Effects of parasites on fish behaviour: A review and evolutionary perspective

Iain Barber*, Daniel Hoare, Jens Krause

*Corresponding author for this work

Research output: Contribution to journalArticlepeer-review

383 Citations (SciVal)

Abstract

Fish serve as hosts to a range of parasites that are taxonomically diverse and that exhibit a wide variety of life cycle strategies. Whereas many of these parasites are passed directly between ultimate hosts, others need to navigate through a series of intermediate hosts before reaching a host in (or on) which they can attain sexual maturity. The realisation that parasites need not have evolved to minimise their impact on hosts to be successful, and in many cases may even have a requirement for their hosts to be eaten by specific predators to ensure transmission, has renewed interest in the evolutionary basis of infection-associated host behaviour. Fishes have proved popular models for the experimental examination of such hypotheses, and parasitic infections have been demonstrated to have consequences for almost every aspect of fish behaviour. Despite a scarcity of knowledge regarding the mechanistic basis of such behaviour changes in most cases, and an even lower understanding of their ecological consequences, there can be little doubt that infection-associated behaviour changes have the potential to impact severely on the ecology of infected fishes. Changes in foraging efficiency, time budget, habitat selection, competitive ability, predator-prey relationships, swimming performance and sexual behaviour and mate choice have all been associated with - and in some cases been shown to be a result of - parasite infections, and are reviewed here in some detail. Since the behavioural consequences of infections are exposed to evolutionary selection pressures in the same way as are other phenotypic traits, few behavioural changes will be evolutionarily neutral and host behaviour changes that facilitate transmission should be expected. Despite this expectation, we have found little conclusive evidence for the Parasite Increased Trophic Transmission (PITT) hypothesis in fishes, though recent studies suggest it is likely to be an important mechanism. Additionally, since the fitness consequences of the many behavioural changes described have rarely been quantified, their evolutionary and ecological significance is effectively unknown. Potential hosts may also change their behaviour in the presence of infective parasite stages, if they adopt tactics to reduce exposure risk. Such 'behavioural resistance', which may take the form of habitat avoidance, prey selectivity or avoidance of infected individuals, can be viewed as behavioural change associated with the threat of being parasitised, and so is included here. Actually harbouring infections may also stimulate fishes to perform certain types of simple or complex behaviours aimed at removing parasites, such as substrate scraping or the visitation of cleaning stations, although the efficacy of the latter as a parasite removal strategy is currently subject to a good deal of debate. The effects parasites have on shoaling behaviour of host fish have attracted a good deal of attention from researchers, and we have provided a case study to summarise the current state of knowledge. Parasites have been shown to affect most of the antipredator effects of shoaling (such as vigilance, co-ordinated evasion and predator confusion) and can also impair an individual's foraging ability. It therefore seems unsurprising that, in a number of species avoidance of parasitised individuals has evolved which may explain the occurrence of parasite-assorted shoals in the field. Parasitised fish are found more often in peripheral shoal positions and show a reduced tendency for shoaling in some fish species. Given the array of host behaviours that may be changed, the fitness consequences of shoal membership for parasitised hosts and their parasites are not always easy to predict, yet an understanding of these is important before we can make predictions regarding the ecological impact of infections on host fish populations. Clearly, there remain many gaps in our knowledge regarding the effects of parasites on the behaviour of host fish. We believe that a much greater understanding of the importance of infection-associated behaviour changes in fish could be gained from high quality research in comparatively few areas. We have completed our review by highlighting the key research topics that we believe should attract new research in this field.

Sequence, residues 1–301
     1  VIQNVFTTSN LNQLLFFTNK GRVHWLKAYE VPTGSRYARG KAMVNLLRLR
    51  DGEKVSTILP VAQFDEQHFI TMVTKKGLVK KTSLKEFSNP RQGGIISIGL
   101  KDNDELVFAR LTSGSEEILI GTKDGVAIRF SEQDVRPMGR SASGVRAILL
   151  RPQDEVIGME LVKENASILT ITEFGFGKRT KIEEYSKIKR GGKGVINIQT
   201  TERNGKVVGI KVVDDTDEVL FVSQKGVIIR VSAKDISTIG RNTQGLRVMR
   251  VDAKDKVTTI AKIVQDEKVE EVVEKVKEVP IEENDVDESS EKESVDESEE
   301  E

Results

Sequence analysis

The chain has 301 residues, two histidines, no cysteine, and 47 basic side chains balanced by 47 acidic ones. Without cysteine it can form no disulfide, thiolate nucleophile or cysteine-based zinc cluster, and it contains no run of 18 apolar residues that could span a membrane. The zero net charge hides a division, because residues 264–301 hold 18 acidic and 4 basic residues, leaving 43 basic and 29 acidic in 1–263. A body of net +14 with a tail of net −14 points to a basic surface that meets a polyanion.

Original languageEnglish
Pages (from-to)131-165
Number of pages35
JournalReviews in Fish Biology and Fisheries
Volume10
Issue number2
DOIs
Publication statusPublished - 2000

Keywords

  • Competition
  • Ecology
  • Foraging
  • Host-parasite relationships
  • Life cycles
  • Manipulation hypothesis
  • PITT
  • Predation
  • Schooling
  • Sexual selection
  • Shoaling

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